It had me in pieces – ‘Unwind’ By Neal Shusterman

Dystopian novels are all the rage at the moment.  Here is one my favourites from 2008.  This review was first posted on Amazon in Oct 2009.

It never ceases to amaze me how many wonderful books there are in the world that almost nobody has heard of. ‘Unwind’ is a novel that deserves a place on every bestseller list, yet the copy I bought from my local bookshop was stuck in dark corner, mouldering in the shadows.

This is a visceral thriller that explodes out of the blocks and maintains a frenetic pace all the way through to its startling conclusion. The premise does seem rather far fetched – After a Pro Life v Pro Choice war, abortion is abolished. Instead parents (or the state) can choose to have any 13-17 year old ‘Unwound’ – A medical process whereby all a child’s body parts are disconnected and used for transplants. Strictly speaking, the unwound victim never dies. Surely it could never happen?

Well, hopefully not, but Shusterman’s cleverly constructed tale, highlights the perils of fanaticism and leaves the reader with the uneasy feeling, that such a preposterous suggestion is only a couple of arguments and a few scientific breakthroughs away. There are several strands to the story, each exploring the premise from a different angle and each thread is knitted seamlessly with the others. No event, no matter how small, is incidental to the plot, and the novel’s finale cleverly reveals surprise after surprise.

The final chapters are powerful and thought provoking – one in particular is perfectly delivered and incredibly sad. ‘Unwind’ does what every good novel should – it challenges its readers’ preconceptions, and continually forces us to ask questions about the world in which we live. Shusterman is careful never to let his allegories slip into preaching, or allow them to detract from the novel’s excitement. From start to finish ‘Unwind’ is unputdownable, and I urge you to cancel your weekend plans and pick it up now.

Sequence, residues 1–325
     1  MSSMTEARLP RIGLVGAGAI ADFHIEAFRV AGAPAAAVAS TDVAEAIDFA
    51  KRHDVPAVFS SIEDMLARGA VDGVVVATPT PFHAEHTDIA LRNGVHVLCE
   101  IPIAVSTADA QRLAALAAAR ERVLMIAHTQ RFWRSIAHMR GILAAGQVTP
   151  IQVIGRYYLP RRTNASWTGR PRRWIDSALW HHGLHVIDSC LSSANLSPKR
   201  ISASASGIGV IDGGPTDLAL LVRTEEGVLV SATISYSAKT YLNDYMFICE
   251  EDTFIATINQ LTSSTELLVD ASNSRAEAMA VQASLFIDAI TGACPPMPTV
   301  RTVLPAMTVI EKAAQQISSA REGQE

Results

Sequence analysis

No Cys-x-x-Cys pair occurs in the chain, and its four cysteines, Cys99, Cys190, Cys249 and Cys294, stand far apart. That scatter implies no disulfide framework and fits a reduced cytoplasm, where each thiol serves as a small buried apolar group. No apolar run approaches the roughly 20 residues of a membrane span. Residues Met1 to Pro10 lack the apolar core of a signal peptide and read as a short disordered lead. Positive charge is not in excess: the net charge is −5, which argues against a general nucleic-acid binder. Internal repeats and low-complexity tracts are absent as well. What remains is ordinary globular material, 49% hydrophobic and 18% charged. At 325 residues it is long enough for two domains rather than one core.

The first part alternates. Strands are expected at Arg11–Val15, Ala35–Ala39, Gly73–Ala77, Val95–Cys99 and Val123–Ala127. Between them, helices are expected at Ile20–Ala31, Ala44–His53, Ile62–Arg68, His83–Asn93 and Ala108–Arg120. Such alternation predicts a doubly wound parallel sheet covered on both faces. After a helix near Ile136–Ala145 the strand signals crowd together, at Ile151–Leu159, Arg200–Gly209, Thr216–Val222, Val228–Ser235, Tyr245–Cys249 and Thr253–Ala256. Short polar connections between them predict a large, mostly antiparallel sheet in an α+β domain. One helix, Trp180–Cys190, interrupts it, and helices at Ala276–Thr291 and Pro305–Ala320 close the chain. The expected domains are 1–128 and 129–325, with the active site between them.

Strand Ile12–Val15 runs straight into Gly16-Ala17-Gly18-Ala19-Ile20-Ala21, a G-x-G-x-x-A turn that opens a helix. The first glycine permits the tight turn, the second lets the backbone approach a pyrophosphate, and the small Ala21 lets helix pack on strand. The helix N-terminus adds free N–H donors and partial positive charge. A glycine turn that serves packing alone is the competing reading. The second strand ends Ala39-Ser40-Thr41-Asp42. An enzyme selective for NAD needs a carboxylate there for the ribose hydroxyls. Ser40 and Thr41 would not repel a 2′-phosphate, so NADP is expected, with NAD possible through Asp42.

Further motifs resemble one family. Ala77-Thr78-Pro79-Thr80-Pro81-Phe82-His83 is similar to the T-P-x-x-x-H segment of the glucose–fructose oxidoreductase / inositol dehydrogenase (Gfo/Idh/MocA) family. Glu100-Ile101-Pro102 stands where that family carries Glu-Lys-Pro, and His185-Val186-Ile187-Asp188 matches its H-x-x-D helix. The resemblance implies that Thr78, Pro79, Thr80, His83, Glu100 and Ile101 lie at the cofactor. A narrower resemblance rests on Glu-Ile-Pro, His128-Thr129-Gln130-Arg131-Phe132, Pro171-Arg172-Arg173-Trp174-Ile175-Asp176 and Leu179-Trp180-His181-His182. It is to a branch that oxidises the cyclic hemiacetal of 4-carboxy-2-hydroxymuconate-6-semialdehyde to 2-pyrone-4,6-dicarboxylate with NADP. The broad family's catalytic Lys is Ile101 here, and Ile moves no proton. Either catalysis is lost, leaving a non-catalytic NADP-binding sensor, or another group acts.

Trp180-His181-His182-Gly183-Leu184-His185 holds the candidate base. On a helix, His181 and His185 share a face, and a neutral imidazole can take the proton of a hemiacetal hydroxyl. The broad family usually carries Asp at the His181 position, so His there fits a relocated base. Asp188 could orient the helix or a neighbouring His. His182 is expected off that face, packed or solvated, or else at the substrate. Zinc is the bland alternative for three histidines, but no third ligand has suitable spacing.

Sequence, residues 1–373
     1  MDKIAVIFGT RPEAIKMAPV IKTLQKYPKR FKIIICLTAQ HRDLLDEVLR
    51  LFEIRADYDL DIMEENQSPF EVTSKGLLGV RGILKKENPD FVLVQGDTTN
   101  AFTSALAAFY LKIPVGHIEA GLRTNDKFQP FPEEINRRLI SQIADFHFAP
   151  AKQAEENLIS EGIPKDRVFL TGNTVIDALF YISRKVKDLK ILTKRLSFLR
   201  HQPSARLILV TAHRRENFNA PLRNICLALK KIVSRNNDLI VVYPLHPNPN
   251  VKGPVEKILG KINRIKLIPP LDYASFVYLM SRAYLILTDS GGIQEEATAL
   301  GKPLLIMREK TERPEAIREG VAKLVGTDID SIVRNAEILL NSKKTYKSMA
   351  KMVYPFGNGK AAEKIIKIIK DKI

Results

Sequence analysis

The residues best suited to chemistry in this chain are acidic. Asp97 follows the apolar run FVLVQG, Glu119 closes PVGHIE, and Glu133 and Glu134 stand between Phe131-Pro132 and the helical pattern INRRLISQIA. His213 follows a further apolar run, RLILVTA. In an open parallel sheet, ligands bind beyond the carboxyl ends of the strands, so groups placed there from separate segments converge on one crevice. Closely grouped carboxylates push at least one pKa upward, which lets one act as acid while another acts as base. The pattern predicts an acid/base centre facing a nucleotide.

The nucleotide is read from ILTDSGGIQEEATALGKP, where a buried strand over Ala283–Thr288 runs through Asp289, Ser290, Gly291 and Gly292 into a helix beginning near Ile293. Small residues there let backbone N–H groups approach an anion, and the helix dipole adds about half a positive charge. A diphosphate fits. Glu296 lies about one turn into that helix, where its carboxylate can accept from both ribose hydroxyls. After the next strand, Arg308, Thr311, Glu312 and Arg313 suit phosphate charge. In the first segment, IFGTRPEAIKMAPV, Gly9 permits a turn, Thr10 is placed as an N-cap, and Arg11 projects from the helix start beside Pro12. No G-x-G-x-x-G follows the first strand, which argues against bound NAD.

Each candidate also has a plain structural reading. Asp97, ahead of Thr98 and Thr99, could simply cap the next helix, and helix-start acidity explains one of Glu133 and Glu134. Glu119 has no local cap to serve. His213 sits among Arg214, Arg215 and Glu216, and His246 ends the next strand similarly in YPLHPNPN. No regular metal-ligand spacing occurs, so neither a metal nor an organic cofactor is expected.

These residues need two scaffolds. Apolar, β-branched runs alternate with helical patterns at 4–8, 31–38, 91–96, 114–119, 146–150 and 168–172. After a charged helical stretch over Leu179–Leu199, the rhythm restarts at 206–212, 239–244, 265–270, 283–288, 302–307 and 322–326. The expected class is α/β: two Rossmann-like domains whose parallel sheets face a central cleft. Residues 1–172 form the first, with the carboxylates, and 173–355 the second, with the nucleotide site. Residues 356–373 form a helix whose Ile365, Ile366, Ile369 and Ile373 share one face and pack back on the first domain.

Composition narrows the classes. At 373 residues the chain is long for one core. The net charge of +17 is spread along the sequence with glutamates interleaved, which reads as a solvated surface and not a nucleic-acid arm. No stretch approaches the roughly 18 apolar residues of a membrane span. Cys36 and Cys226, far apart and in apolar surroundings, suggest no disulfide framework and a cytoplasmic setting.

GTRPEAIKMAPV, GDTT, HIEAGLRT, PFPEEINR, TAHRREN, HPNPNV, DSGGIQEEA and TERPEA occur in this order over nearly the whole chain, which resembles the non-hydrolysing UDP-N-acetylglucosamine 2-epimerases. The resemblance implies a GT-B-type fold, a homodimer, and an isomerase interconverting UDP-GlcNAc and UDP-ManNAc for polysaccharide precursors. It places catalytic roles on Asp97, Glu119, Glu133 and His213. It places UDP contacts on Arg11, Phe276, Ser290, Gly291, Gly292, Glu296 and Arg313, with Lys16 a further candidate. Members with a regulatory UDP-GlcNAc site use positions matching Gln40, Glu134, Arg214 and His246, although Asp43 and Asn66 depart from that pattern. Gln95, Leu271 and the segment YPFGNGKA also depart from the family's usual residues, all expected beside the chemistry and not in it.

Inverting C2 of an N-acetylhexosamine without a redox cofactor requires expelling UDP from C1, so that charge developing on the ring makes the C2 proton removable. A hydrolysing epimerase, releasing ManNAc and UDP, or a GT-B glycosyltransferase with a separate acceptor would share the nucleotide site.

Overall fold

4 thoughts on “It had me in pieces – ‘Unwind’ By Neal Shusterman

  1. Hi Robin!
    First of all I completely agree with your take on the third Hunger Games. I finished it at about 3am and sat there, stunned for a while. “Really?” I thought to myself, “was that IT?”
    But on a dystopian link I was hoping I could borrow an extract from your Shusterman review. I’m saving our copies from spine-on oblivion and building an ‘If You Like You’ll Love’ display with Shusterman in [semi] pride of place. May I borrow your words? I swear I’ll give them back!

    1. Hi Lizzie,
      You may, of course, borrow my words. Let me know when your display is up and I’ll come and have a look. When I worked for Waterstone’s 6 or 7 years ago, I had my very own dystopian table… it’s been a specialisation of mine for a long time, so feel free to drop me a line if you are ever in any need of any end-of-the-world banter!


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